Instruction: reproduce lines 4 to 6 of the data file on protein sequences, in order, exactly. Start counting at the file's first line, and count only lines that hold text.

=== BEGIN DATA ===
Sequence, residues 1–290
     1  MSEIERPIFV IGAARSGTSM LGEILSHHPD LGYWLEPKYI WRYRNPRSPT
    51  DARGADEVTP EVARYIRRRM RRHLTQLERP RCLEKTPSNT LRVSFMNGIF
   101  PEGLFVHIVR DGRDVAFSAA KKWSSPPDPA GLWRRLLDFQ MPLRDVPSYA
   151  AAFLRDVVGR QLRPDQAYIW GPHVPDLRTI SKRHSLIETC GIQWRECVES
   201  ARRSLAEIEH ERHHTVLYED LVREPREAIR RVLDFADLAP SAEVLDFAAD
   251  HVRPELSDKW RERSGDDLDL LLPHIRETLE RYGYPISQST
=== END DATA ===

   101  PEGLFVHIVR DGRDVAFSAA KKWSSPPDPA GLWRRLLDFQ MPLRDVPSYA
   151  AAFLRDVVGR QLRPDQAYIW GPHVPDLRTI SKRHSLIETC GIQWRECVES
   201  ARRSLAEIEH ERHHTVLYED LVREPREAIR RVLDFADLAP SAEVLDFAAD